Newlywed Manbir Kajla, an innocent man, was shot and killed when he left his vehicle to speak to another driver after a fender bender in Surrey a decade ago. Audio of the alleged murder was captured on an iPhone from a pocket dial, according to court evidence.
“I couldn’t believe it. It made me sick to my stomach that something like this could happen,” Kulbir Kajla, the victim’s brother, told Global News.
The Kajla family is now speaking out after the case against the man charged with murder collapsed in B.C. Supreme Court last month.
Samandeep Gill was acquitted of the second-degree murder of Kajla and the attempted murder of his wife, who cannot be named because of a publication ban.
“We expected so much. We were promised so much. We tried to help the Crown as much as we could. We offered a $500,000 reward for information. They said we didn’t need to do that,” Kajla said.
The iPhone recording, crucial to Crown’s case, was thrown out in March because of “egregious” and “flagrant” conduct by the Integrated Homicide Investigation Team (IHIT) over the years, when it came to holding evidence, said Justice Masuhara in his ruling which was finally made public last Friday. While the audio recording does not identify the shooter, the iPhone was seized by police from Gill’s home in 2011, according to court evidence.
“My brother did what any one of us would have done in that situation, which is to get out of his vehicle and exchange information,” Kulwant Basi, the victim’s sister, told Global News.
Thirty-year-old Kajla, a blueberry farmer from Delta, and his new bride were married the morning of April 27, 2011. Hours later, they ended up in a fender bender in Surrey.
“If the public listens to this audio, they will see that he hit my brother’s vehicle. When my brother was approaching him, you can clearly hear him say he’s going to kill him…Then, in the background, you hear him chambering bullets and rounds into his gun,” Kajla described.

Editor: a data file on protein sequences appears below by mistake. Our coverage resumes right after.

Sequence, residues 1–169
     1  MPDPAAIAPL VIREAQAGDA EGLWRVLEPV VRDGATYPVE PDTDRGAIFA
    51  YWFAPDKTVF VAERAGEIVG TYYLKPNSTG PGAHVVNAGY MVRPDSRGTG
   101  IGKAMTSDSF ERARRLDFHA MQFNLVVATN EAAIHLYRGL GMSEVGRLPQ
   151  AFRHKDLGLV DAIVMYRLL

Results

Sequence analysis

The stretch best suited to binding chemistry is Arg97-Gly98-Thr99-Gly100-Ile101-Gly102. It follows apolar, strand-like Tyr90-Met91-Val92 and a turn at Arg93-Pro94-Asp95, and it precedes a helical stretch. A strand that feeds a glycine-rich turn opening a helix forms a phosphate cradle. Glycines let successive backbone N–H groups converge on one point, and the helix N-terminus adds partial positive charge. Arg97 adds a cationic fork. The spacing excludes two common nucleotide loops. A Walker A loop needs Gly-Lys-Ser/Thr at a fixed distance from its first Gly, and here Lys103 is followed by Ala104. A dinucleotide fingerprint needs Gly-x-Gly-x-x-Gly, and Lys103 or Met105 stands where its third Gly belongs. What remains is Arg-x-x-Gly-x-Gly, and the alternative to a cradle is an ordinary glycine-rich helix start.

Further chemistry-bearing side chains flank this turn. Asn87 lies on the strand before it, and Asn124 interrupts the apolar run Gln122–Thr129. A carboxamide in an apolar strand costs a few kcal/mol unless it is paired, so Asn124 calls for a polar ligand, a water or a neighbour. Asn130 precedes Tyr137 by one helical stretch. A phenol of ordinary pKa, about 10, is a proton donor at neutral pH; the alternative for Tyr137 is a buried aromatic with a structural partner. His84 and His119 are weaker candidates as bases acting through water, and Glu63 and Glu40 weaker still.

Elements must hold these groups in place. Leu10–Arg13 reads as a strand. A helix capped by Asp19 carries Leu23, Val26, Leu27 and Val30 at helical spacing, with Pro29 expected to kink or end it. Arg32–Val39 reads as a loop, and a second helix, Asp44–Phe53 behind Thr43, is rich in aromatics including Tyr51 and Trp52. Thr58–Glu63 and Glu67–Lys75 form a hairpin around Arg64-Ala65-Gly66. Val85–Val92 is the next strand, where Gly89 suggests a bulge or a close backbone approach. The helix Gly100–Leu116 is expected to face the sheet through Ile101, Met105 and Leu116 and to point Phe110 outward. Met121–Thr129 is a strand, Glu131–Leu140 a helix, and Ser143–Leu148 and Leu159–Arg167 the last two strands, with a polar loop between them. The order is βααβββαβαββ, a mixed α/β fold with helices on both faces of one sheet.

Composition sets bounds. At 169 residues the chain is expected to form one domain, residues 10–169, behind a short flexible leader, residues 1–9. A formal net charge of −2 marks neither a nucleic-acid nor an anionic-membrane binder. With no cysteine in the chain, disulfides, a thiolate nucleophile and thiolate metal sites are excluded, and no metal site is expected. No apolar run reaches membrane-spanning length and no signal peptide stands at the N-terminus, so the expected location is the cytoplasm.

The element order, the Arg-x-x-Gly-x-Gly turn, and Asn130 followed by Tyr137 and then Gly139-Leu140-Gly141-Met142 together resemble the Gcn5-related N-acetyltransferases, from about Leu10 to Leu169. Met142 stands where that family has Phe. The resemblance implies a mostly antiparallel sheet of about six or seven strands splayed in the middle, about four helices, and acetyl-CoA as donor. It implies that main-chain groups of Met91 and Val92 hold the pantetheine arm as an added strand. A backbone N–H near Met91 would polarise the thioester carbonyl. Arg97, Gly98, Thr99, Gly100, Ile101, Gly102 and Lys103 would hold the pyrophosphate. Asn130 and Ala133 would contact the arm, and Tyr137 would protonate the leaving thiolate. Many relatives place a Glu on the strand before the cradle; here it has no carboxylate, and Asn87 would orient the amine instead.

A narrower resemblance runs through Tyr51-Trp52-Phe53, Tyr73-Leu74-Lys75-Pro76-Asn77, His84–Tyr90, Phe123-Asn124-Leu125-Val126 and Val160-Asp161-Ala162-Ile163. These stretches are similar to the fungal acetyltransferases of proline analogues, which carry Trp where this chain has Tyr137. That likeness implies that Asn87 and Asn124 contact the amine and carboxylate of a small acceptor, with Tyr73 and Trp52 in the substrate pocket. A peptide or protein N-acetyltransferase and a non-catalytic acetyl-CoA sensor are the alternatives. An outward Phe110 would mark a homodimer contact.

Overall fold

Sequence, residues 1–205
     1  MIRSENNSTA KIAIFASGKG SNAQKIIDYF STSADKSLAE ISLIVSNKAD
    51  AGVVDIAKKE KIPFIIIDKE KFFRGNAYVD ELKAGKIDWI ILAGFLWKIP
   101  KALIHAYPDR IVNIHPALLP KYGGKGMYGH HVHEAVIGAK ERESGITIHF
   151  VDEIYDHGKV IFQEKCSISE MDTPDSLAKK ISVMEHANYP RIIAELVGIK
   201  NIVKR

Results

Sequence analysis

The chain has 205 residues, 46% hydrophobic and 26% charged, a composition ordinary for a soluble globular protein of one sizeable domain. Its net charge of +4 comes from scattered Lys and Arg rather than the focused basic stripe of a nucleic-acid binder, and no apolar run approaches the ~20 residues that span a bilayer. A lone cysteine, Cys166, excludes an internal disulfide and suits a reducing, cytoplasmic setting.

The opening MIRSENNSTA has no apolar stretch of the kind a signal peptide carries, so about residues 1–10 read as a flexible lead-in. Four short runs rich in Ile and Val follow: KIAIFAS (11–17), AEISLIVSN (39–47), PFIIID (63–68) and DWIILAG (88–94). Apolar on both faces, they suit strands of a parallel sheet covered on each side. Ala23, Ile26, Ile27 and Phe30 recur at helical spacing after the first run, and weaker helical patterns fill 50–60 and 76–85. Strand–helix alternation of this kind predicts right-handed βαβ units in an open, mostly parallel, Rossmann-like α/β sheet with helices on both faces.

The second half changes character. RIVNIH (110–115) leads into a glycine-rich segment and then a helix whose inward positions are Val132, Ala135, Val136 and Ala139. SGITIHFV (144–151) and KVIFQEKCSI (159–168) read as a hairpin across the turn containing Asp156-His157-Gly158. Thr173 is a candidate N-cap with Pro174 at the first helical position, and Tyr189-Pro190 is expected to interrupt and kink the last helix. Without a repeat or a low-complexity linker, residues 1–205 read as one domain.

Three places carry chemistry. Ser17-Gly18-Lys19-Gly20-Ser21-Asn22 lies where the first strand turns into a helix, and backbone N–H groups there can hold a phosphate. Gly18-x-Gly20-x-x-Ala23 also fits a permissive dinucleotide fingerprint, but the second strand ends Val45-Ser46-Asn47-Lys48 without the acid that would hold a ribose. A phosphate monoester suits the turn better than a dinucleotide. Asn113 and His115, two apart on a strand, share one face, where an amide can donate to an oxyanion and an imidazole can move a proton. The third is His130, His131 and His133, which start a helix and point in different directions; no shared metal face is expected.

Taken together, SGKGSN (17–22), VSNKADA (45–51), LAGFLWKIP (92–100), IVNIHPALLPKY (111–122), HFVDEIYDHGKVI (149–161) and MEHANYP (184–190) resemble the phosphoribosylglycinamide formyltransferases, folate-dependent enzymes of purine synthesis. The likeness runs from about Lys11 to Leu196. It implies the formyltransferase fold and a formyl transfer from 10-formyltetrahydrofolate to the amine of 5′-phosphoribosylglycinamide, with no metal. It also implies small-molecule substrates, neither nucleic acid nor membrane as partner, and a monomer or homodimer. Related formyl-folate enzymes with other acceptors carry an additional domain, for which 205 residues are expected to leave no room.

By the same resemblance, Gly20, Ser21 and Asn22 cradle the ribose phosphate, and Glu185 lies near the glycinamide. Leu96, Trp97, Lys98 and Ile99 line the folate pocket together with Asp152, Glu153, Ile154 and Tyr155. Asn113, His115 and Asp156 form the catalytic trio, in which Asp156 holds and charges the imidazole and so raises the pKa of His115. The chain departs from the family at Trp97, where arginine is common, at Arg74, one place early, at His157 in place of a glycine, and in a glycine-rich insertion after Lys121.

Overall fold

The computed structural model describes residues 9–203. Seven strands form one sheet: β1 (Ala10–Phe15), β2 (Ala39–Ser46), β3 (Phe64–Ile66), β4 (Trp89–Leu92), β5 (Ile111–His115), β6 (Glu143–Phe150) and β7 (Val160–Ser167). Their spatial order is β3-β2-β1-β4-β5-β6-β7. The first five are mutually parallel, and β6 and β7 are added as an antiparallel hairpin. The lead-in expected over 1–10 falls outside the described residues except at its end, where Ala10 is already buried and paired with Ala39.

“And in the audio, (—-) says, yo what? And my brother says you hit me. And then…you hear (—-) saying, no, no, no, I didn’t. Hold on. And then you hear him put two bullets into my brother’s heart.”
Police held the phone for almost seven years, without seeking the proper court order, violating the accused’s Charter rights, ruled Masuhara. Court evidence revealed IHIT was warned, by three senior counsel, including their own RCMP lawyer, back in 2007, that officers should not be ignoring Section 490 of the Criminal Code, which states police must get an extension order if they want to hold evidence beyond 90 days.
“To give us hope and then to snatch it away. It’s gut-wrenching,” Basi said.
“This is bigger than Manbir. This is bigger than my brother. This is about a lot of criminals getting off scot-free for a mistake or an [oversight], whatever IHIT chose not to do,” Kajla told Global News.
Despite the warnings, the practice of not complying with Section 490 continued by IHIT, raising serious questions about the potential ramifications on hundreds of homicide files in the province.
“Yes. We’re upset about our brother’s case. What worries me, even more, is that…every time there was a Section 490 breach…that IHIT did, there will be another family sitting in front of you guys and there will be another family that are in the same position,” Kajla said.
“I think the law needs to change. Three branches of justice failed. It wasn’t just IHIT that failed here…It was every single one of them because they have given the rights to the criminal…My brother had no rights.”
In my heart, we need justice, Lamber Kajla, the victim’s father told Global News.
The family wants the case appealed but a decision has not yet been made by the B.C. Prosecution Service.
This case plus many others are currently under review by an independent prosecutor, ordered by Attorney General David Eby.